Oct. 1, 2005
Texas Wins Big And Ugly
By Bill Frisbie
There was little worry during Texas' 51-20 win at Missouri that Mack Brown's bunch might drop its conference opener the week before facing You-Know-Who. The only question, for about 30 minutes in Columbia, was when the second-ranked Longhorns would stop beating themselves.
By the time Texas gave Mizzou its undivided attention, the Horns were guilty of a season-high 14 penalties for 135 yards. Texas fumbled four times (losing one), including a pair of fumbles inside the Tiger five-yard line. The hosts were just as generous, as Texas tallied three Tiger turnovers into consecutive, one-play scoring drives to open the first half. By the time the dust had settled and the yellow flags had been picked up, the Horns generated 585 yards of offense to raise their record to 4-0 and to notch a W on the road for the 23rd time in the past 24 outings.
There's something about Missouri that brings out the worst, and best, in QB Vince Young. His low-water mark against MU in 2004 (a 3-of-9 showing for 19 yards) is well documented, as is his career-defining turnaround to raise his record to 21-2 as a starter (one 'W' shy of tying Major Applewhite at No. 6 on Texas' all-time list). On Saturday, Young's ball handling was excruciating to behold during the Horns' second and third series, especially given the field position the Horns squandered when it was a tie ball game.
And yet he ultimately had his hand in 344 yards of offense. Time and again, the junior signalcaller displays a remarkable proclivity for not only overcoming his self-inflicted adversity but actually thriving as a direst result of it. He posted three dazzling runs of 30+ yards, including a 33-yard TD on the zone read fake to RB Selvin Young, to give Texas a 14-7 lead it would never relinquish. He led all rushers with 108 yards on 13 carries, while adding 236 yards through the air on 15-of-22 passing.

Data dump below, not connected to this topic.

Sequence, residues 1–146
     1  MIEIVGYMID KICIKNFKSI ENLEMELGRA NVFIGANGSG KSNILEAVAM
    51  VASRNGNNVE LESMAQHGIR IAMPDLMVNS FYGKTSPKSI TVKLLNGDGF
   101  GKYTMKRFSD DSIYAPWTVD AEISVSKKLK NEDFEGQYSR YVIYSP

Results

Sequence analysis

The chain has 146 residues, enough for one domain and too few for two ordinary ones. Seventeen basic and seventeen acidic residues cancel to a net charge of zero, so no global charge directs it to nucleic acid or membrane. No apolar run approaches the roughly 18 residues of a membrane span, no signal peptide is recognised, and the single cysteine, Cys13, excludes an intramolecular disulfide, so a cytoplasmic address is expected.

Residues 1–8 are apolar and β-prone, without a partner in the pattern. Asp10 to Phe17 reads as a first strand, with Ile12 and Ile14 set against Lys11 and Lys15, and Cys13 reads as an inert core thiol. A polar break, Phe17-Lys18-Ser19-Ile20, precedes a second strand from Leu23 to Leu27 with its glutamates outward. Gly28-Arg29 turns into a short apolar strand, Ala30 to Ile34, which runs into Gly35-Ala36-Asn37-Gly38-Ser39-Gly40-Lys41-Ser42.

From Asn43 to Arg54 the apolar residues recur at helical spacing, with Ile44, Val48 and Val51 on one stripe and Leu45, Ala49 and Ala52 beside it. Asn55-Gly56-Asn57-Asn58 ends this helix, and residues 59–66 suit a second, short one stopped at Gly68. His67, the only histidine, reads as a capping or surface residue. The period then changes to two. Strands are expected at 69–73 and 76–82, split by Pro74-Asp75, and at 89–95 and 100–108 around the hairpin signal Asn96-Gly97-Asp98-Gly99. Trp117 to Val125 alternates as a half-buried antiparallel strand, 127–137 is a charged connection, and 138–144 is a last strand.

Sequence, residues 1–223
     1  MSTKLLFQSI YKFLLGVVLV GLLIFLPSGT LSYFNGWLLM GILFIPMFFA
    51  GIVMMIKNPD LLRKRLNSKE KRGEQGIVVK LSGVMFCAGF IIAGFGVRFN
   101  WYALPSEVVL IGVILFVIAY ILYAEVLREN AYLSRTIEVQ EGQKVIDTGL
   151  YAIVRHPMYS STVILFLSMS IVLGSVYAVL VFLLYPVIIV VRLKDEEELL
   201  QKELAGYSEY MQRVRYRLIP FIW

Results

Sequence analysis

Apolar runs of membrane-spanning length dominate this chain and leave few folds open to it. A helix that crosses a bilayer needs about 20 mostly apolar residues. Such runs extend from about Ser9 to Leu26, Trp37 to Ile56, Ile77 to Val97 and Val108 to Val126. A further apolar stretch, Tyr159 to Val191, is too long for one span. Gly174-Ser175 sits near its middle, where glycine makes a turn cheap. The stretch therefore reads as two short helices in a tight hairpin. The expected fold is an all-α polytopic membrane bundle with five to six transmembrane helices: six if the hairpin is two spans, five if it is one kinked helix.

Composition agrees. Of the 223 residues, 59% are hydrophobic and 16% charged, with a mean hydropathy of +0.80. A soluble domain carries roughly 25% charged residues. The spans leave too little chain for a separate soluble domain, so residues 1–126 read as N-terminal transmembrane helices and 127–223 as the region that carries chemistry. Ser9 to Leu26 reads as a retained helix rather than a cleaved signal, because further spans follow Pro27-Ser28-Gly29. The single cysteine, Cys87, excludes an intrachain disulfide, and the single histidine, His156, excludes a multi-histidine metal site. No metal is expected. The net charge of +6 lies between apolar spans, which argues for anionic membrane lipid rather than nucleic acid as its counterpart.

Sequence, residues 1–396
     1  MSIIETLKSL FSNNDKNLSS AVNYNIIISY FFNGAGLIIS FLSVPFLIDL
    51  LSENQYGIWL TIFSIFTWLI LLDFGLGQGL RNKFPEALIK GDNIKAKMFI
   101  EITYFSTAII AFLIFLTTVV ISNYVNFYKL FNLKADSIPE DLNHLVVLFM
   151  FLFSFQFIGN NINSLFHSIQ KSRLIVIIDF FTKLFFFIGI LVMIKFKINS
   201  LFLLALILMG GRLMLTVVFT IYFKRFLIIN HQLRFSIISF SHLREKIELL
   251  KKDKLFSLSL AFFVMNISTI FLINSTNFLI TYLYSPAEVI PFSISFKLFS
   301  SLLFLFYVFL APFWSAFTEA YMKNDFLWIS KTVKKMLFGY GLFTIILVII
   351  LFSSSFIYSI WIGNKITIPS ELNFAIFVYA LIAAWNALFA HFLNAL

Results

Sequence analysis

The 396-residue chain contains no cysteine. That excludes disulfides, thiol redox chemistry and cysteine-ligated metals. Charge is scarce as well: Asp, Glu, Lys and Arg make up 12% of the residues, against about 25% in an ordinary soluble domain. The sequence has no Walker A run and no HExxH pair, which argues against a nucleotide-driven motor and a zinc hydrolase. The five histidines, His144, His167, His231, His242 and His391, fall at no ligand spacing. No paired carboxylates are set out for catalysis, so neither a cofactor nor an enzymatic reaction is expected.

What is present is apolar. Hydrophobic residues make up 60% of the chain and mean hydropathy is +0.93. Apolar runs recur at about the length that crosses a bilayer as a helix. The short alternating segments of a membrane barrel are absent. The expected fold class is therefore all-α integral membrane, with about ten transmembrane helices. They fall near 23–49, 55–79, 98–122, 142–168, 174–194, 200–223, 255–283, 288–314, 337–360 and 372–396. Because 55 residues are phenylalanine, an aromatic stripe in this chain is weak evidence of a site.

Then there was his play on Texas' next-to-last series of the first half. Like too many of Texas' possessions Saturday, this one initially went into reverse when a holding penalty, a chop block and a QB sack produced a third-and-30 situation from the Longhorn 34. It set the table for vintage Vince. Reminiscent (though not as critical) as his 4th-and-18 scramble at Kansas last season, VY dropped back and, as the pocket collapsed, eluded the grasp who two crashing linemen who would have a wrapped up a normal quarterback. Instead, the Freak of Nature cut left and darted down the left hashmark and didn't stop until he was dragged down 34 yards later.
"He's a great player, and he makes a lot of plays," MU coach Gary Pinkel said of Young. "He turns an average play into a great play, and he did that several times today. He also plays with a lot more confidence, that's a big difference too, that he's won a lot of games. He's had some comeback games and done a good job."